This Bloomberg story is a few weeks old, but worth savoring nonetheless, as I expect it is the beginning of a new trend that will spread rapidly, eventually reaching college campuses when revenues start to fall as enrollment declines:
At Twitter, the diversity, equity and inclusion team is down to just two people from 30, one former employee said. A DEI worker who was let go from a popular ride-share company said their job search has stalled as other technology companies assess their finances. And just before getting the axe at separate tech giants this fall, two DEI specialists said leadership had stopped setting long-term goals for their departments entirely.
Here’s the dirty little secret of the entire “diversity, equity, and inclusion” racket that is swallowing colleges (and many businesses) alive: A lot of these programs have mushroomed because it is cheap virtue-signaling by college administrations and corporate HR departments, As Inside Higher Ed reports:
Between 2020 and 2022, in the aftermath of George Floyd’s murder by Minneapolis police, membership in the National Association of Diversity Officers in Higher Education increased by 60 percent, according to Paulette Granberry Russell, the association’s president.
But it appears that most sensible people in colleges and corporations do their best to ignore them. There are lots of accounts of DEI staff who express frustration that they are ignored, and job turnover in the field is very high as more and more DEI profess to being demoralized.
There’s this from the Bloomberg story:
Nearly one in five female leaders have left a job in the past two years because of a company’s lack of commitment to DEI, according to an October report from McKinsey and LeanIn.org. In a 2019 survey of 2,000 workers, McKinsey found that 39% decided against pursuing or accepting a job because of a perceived lack of inclusion at a company.
And this from Inside Higher Ed:
After four years at Princeton University, Avina Ross left her job in September 2021. She was one of three DEI employees who have resigned from the institution over the past 18 months due to what they described as a lack of institutional support for their work, according to a December article in the student newspaper, The Daily Princetonian. . .
The departures at Princeton are part of a pattern in higher education, according to nearly a dozen college and university DEI administrators and staffers who spoke with Inside Higher Ed. While some institutions have elevated their highest-level DEI officers to senior positions or even president, the employees interviewed for this article said that more often, university leaders show a lack of appreciation and support for their work, leading them and many of their colleagues to leave higher ed burned out and disillusioned.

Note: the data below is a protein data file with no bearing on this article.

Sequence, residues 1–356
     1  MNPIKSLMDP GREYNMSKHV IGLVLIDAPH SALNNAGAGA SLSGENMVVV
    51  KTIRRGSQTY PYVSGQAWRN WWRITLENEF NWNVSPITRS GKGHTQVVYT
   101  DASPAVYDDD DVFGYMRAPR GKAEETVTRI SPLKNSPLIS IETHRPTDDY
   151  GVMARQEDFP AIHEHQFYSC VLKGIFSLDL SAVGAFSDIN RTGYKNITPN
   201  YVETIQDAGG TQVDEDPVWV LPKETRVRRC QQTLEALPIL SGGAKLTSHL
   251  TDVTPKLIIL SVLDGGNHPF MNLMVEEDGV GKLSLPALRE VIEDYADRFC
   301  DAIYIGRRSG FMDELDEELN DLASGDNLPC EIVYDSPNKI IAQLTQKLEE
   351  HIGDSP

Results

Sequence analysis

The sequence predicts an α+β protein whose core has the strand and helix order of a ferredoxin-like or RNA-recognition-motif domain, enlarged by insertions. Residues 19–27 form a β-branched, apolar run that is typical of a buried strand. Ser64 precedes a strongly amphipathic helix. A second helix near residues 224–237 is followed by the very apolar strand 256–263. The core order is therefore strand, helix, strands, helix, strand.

Increasingly it appears we’re back to hiring women and minorities for these positions (is there is a white male senior DEI executive anywhere in America?) as window dressing. And guess who is starting to figure this out?
“There are a lot of places that are [hiring CDOs] because they have to check the boxes, to say we’ve got somebody doing diversity,” Creary said. “At some institutions, it’s not even a question of will they support the work; it’s a matter of getting them not to obstruct it.” . . .
Cecil Howard said he resigned as vice president for diversity, inclusion and equal opportunity at the University of South Florida in July 2021, after years of “frustration and disrespect” boiled over into open conflict with the university’s then president, Steve Currall. . . Howard said he left because he felt undermined and belittled at every turn, a pattern that slowly reinforced his belief that his role at USF was no more than “window dressing.”
“Everybody wants to hire a chief diversity officer to throw a Black History Month event or read a land acknowledgment,” he said. “But when the rubber meets the road—when we’re at least aspiring to become an antiracist environment—those senior leaders and major decision-makers, they don’t want to hear it. I was never going to be OK being a pawn, a token, a box-checker. So I left.”
Of course, one wonders why you need human beings to put out the endless DEI statements of concern any more:
“One of the key ways to promote a culture of care on our campus is through building strong relationships with one another,” the first sentence of one paragraph reads. “Another important aspect of creating an inclusive environment is to promote a culture of respect and understanding,” begins another.
A smaller line of text in parentheses at the bottom of the message revealed that it had been written using the generative artificial intelligence program ChatGPT, as first reported by the Vanderbilt Hustler student newspaper. Students blasted the university for using a chatbot to address a harrowed campus community after the Michigan shooting, and Vanderbilt quickly apologized.
The two senior DEI officers at Vanderbilt have “stepped back” (whatever that means) from their duties temporarily while Vanderbilt investigates sweeps the matter under the rug.
Here’s how the Daily Mail covered the story: